Work starts on Brexton building

ARCHITECTURE

Duchess of Windsor once called it home

August 26, 2002|By Edward Gunts | Edward Gunts,SUN ARCHITECTURE CRITIC

One of Baltimore's faded architectural gems, the historic Brexton apartment building in Mount Vernon, is finally getting a much-needed facelift.

Nearly three years after buying the vacant Victorian landmark at auction for $112,000, Zumot Real Estate Management of McLean, Va., has begun restoring its exterior at an estimated cost of $500,000.

But a complete rehabilitation plan still has not been finalized for the six-story building, which dates from 1891 and was briefly the childhood home of Wallis Warfield Simpson, who became the Duchess of Windsor.

An earlier plan - to convert the building to an extended-stay hotel for travelers from overseas - fell through after the terrorist attacks Sept. 11.

"All six stories will be rehabbed, but how we end up doing that is not clear yet," said Zumot vice president Bill Carr. In the meantime, "we're moving ahead with weatherizing the building. We'd like to get it weather-tight by winter."

Designed by Charles E. Cassell, the architect of the old Stewart's department store on Howard Street and the former Stafford and Junker hotels, the Brexton opened as a residential hotel and later was converted to 25 apartments.

A favorite of local architecture buffs because of its distinctive turrets, spires and dormers, the Brexton has been vacant since the late 1980s. It's the last major structure in the Mount Vernon historic district to sit boarded up.

Before Zumot bought it, the building at 868 Park Ave. was controlled by a succession of owners who failed to restore it. While it sat vacant, the building has been partly exposed to the elements. Preservationists have expressed concern that the building couldn't last another winter without roof repairs.

Contractors recently erected scaffolding around the building and will be repairing the roof, brickwork, windows and gutters over the next six months. Zumot's goal is to complete the repairs without significantly altering the Brexton's appearance, Carr said. "We're going to do everything we can not to change the look of the builiding."

Schamu Machowski Greco Architects Inc. of Baltimore, a firm with extensive experience in restoring older buildings, is the architect.

Zumot had been working with foreign investors who were interested in creating luxury suites for families of patients receiving treatment at Hopkins, but the investors backed out after Sept. 11, Carr said.

The owners have since been exploring options for residential development, but the building's size and triangular footprint make it a challenge.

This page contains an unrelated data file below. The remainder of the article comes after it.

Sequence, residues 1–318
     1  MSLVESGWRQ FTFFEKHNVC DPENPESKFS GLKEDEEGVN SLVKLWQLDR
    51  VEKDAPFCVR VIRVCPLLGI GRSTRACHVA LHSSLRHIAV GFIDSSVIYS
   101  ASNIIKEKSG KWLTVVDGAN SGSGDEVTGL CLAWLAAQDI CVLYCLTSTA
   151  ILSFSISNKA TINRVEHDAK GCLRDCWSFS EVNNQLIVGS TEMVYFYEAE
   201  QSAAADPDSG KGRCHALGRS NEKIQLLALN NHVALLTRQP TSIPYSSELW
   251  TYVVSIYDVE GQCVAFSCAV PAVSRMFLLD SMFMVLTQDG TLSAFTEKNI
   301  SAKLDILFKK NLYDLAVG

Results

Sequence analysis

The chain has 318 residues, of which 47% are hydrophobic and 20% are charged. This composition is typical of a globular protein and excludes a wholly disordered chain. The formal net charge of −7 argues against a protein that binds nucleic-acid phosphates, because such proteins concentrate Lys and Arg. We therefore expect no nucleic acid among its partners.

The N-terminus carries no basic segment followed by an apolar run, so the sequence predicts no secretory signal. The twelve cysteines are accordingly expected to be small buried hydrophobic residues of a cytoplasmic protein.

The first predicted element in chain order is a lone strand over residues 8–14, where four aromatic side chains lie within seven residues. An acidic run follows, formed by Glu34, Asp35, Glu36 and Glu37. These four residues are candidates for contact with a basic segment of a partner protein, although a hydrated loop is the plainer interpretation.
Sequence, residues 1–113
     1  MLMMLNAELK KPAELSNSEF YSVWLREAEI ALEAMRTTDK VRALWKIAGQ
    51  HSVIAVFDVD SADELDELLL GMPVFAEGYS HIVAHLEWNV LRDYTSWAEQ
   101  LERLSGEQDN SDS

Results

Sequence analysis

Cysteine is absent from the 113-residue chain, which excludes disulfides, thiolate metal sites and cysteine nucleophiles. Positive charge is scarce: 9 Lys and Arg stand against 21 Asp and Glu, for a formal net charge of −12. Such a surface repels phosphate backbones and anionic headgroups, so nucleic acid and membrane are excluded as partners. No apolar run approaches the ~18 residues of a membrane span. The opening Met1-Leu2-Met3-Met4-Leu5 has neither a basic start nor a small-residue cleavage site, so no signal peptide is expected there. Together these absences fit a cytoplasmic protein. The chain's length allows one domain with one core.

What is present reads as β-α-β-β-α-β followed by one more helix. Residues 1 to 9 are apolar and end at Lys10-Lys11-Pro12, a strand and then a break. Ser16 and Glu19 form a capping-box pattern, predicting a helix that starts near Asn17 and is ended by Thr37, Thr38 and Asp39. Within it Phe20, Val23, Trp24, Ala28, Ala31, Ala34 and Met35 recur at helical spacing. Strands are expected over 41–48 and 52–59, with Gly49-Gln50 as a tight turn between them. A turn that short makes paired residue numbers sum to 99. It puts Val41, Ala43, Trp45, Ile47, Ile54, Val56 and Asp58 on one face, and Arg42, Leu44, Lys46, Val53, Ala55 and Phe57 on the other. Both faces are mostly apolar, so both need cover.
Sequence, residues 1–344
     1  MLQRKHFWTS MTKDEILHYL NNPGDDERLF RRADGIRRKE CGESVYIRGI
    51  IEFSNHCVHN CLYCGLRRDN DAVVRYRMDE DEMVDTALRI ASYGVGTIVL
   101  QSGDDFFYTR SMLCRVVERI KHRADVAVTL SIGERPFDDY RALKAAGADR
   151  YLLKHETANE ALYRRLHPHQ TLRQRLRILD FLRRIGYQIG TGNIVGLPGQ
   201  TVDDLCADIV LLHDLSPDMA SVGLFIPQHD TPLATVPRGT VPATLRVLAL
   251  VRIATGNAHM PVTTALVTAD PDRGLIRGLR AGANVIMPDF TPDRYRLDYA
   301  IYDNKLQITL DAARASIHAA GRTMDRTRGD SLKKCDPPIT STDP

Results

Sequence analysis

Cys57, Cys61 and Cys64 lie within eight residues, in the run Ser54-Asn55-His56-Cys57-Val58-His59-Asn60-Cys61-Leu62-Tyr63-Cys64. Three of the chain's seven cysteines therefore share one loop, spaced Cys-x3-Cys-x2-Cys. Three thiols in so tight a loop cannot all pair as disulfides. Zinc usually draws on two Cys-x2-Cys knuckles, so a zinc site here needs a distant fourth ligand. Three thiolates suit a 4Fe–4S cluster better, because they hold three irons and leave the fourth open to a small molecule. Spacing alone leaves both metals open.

Carr said the Brexton doesn't have many original features to work with inside, because elements such as fireplace mantels have been removed over the years.

Several redevelopment projects have been completed near the Brexton in recent months, including new headquarters for The Catholic Review at 878 Park Ave., and Symphony Center, an office and parking complex near the Meyerhoff Symphony Hall.

Although Zumot is prepared to proceed with its own renovation of the Brexton, the company would entertain the idea of selling the building to another party. Carr said the building is not listed with a broker, but the asking price is $535,000 plus whatever costs Zumot incurs to complete the work now under way, such as scaffold rental.

In the meantime, the exterior work will put the building in much better shape than it was before - and therefore make it less vulnerable to the wrecking ball.

Since the building is in a historic district, Baltimore's Commission on Historical and Architectural Preservation has been monitoring the work closely and has issued a permit for the roof repairs. Representatives are still waiting for more detailed information about the rest of the work, such as the window repairs, to make sure it complies with commission guidelines.

"It's on the front burner here," said preservation planner Brigitte Fessenden. "Everyone is watching this building like a hawk."

Landscape architects

Catherine Mahan, founder and principal of Mahan Rykiel Associates in Baltimore, and John C. Hall, a founder of Land Design Research in Columbia - now known as LDR International, an HNTB Company - have been elected to the prestigious Council of Fellows for the American Society of Landscape Architects.

Nationally, about 25 to 30 people are chosen each year for this honor. The induction ceremony will take place at the landscape architects' national convention in San Jose, Calif. on October 20.

Baltimore Sun Articles
|
|
|
Please note the green-lined linked article text has been applied commercially without any involvement from our newsroom editors, reporters or any other editorial staff.